As I do periodically, I "googled" his unusual name and found it referenced in a journal published by the staff of the National Archives. Here is the link: http://www.archives.gov/publications/prologue/2007/spring/genea-accompany.html
The author of the article, John Deeben, is a genealogy archives specialist in the Research Support Branch of the National Archives and Records Administration, Washington, D.C. His article was written to encourage genealogists to consider the records they may have that could help provide information they are seeking. In the article was the following quote:
There is an error in the notice as Britton left a wife and three children. So how was a widow with three children going to support herself? I'll answer that question in the next post.
Personal and family records appear most prevalently in the pension-related claims because of the need for a widow and dependents to document their relationship to a deceased soldier. The claim of Mary E. Wainwright, whose husband Britton died while serving with Kunkle's Company, Seventh Indiana Legion (Home Guards) during the Civil War, included a notarized copy of their marriage record from the probate court of Hamilton County, Ohio. The record identified their wedding date (May 1, 1847), Mary's maiden name (Darby), and the name of the presiding minister (Rev. James H. Perkins).
At the end of the article, the following footnote appears: "Notarized copy of Wainwright marriage license, Jan. 10, 1866; Mary E. Wainwright File; Accompanying Papers [43A-D1]; Legislative Proceedings; 43rd Cong.; RG 233; NAB."
I contacted the author of the article and he pulled the file from the archives. He told me by phone that the file contained eye-witness testimony of commanding officers who were with Britton when he died. It also contained the appeal on behalf of Mary Elizabeth for a pension that she had previously been denied because Britton wasn't officially "mustered in" at the time of his death.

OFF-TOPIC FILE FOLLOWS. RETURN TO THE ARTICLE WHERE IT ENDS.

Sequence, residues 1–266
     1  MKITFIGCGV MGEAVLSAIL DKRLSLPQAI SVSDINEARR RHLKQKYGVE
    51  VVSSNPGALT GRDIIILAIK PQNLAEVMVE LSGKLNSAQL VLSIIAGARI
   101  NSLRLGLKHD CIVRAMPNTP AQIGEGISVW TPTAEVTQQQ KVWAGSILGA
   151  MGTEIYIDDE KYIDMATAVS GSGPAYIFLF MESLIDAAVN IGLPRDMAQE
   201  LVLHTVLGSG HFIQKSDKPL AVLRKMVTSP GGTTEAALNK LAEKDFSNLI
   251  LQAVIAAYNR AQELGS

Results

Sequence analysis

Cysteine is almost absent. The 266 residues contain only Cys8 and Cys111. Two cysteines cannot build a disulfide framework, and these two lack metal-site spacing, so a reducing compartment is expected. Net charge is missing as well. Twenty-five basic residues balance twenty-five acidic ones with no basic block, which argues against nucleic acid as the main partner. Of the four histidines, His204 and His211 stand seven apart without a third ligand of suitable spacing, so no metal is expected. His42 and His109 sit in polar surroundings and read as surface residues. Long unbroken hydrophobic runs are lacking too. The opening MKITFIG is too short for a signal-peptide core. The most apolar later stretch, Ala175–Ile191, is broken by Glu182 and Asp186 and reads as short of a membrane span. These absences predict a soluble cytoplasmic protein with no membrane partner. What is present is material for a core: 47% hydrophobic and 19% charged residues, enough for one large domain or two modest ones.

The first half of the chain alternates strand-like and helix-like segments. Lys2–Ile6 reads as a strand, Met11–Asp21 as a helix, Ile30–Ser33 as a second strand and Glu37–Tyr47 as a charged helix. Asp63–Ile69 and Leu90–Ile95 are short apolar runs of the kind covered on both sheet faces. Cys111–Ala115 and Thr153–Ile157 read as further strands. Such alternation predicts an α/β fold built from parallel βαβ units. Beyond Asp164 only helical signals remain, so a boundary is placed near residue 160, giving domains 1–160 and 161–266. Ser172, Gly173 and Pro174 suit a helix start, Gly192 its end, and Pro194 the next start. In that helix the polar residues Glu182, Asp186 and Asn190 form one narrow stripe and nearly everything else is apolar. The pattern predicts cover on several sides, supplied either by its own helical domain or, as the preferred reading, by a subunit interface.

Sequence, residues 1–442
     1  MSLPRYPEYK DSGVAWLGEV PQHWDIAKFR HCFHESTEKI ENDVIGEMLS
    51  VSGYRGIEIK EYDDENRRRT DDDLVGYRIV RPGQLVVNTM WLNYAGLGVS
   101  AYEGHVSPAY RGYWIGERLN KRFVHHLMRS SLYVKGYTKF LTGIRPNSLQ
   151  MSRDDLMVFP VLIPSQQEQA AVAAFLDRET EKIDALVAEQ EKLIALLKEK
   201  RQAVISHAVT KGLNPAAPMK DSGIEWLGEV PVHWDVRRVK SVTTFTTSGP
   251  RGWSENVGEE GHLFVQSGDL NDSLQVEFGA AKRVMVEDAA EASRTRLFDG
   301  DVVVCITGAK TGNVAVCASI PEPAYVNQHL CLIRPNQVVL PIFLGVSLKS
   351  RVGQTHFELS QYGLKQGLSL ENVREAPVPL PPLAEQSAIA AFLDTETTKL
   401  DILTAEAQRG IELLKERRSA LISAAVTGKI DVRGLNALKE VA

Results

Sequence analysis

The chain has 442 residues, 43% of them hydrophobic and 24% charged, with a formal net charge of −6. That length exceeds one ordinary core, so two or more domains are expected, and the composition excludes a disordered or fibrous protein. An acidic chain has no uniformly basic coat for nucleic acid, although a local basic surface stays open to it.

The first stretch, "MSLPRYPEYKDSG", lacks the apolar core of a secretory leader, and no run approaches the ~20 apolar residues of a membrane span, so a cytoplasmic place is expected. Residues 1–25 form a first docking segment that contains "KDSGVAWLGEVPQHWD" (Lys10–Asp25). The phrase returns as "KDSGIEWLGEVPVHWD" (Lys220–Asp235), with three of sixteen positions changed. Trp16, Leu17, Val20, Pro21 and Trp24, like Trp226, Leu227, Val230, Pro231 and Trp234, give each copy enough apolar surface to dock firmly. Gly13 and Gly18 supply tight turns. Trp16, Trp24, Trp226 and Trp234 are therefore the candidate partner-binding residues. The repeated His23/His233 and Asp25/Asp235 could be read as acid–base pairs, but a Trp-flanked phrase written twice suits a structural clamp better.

I ordered a copy. There are several affidavits from witnesses to Britton's death on a "forced march" from New Albany to Edwardsville, IN to head off Morgan's Raiders.
1) From James McCurdy - I was the Colonel and in the command of the 7th
Regiment of the Indiana Legion. That on said day in obedience to my orders as commander aforesaid, said regiment made a forced march from the city of New Albany to Edwardsville, Indiana to meet the rebels under John Morgan. That on said day and on said march, I saw Britton Wainright, who was a private in Capt. Thos. S. Kunkle's company of said regiment stricken down with a sun stroke while in the performances of his duties as a soldier. That I saw said Britton Wainright die in less than one hour after he was stricken down and from the effects of said sun stroke received while in the ranks of said company and while making said march.
2) John Stacy - First Lieutenant - . . . "That on said march I saw Britton Wainright, who was then a private on duty in my said company, stricken down while in the ranks of said company and in the performance of his duty as a private of said company , with a stroke of the sun and I saw him die in less than thirty minutes afterward, from the effects of said sun stroke."
3) Charles Bowman - physician and surgeon - I saw Britton Wainright . . . die from the effects of coup de soleil (sunstroke) received while on duty . . .
4) Captain Kunkle - Captain and commander of a company in the 7th Regiment of the Indiana Legion - "That Britton Wainright was a private in said co. That he was a healthy able-bodied man at the time he entered said service. That while he was engaged in the line of his duty in said service . . . to meet the rebels under John Morgan, he became overheated and fell in the ranks, and he died from said overheating about half an hour after he fell in the ranks on said day while in the line of his duty in said service. That he was a good man made a good soldier and did his duty well and cheerfully, and had nothing the matter with his health previous to said marching."
I finally knew how he died. It wasn't in battle, it wasn't building fortifications, it was on a march in very hot July weather as part of a group of home guards preparing to defend their town from Morgan's advances.
His death notice appeared in the New Albany Daily Ledger, July 10, 1863 on p.2.